Theriot, C M, et al. Antibiotic-Induced Shifts in the Mouse Gut Microbiome and Metabolome Increase Susceptibility to Clostridium difficile Infection. Nature Communications, 2014. 5(3114).
Antibiotics can significantly impact the microbiota and lead to infections including by Clostridium difficile (CDI). Investigators hypothesized that an altered metabolic environment may support CDI and therefore used 16S RNA gene sequencing and metabolomics to illuminate the changes in the gastrointestinal tract in a mouse model of CDI. Interestingly, resistance to CDI was conferred by distinct microbiome communities but, remarkably, the metabolic signatures were nearly identical across these distinct communities. Thus, 2 completely different microbial communities converged to a similar metabolic output and disease state. Bile acids were a key feature of this metabolic output. Taurocholate alone was shown to promote C. difficile germination and deoxycholate appeared to be inhibitory. These results build on a growing body of literature showing that, in addition to microbiome community structure being important to consider, the chemical output (metabolites) provide an important functional output for deciphering the relationship between the microbiome and health and disease.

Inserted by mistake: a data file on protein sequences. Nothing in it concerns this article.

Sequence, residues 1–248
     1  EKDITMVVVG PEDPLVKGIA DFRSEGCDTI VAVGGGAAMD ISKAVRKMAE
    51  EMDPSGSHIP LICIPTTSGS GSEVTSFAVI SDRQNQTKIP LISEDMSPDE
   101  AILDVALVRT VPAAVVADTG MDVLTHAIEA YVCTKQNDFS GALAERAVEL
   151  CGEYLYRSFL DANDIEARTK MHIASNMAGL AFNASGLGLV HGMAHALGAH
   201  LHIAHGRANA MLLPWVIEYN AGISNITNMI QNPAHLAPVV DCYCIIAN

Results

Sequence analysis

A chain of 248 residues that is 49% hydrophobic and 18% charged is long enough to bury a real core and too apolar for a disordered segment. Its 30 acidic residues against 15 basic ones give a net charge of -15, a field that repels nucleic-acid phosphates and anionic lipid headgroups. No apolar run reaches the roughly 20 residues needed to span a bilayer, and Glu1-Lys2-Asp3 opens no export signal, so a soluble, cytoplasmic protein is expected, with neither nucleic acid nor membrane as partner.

Metabolon results led to:
• Identification of a metabolic environment supporting Clostridium difficile infection
• Conceptual elucidation that a common metabolic environment can underlie the same phenotype despite distinct microbiome communities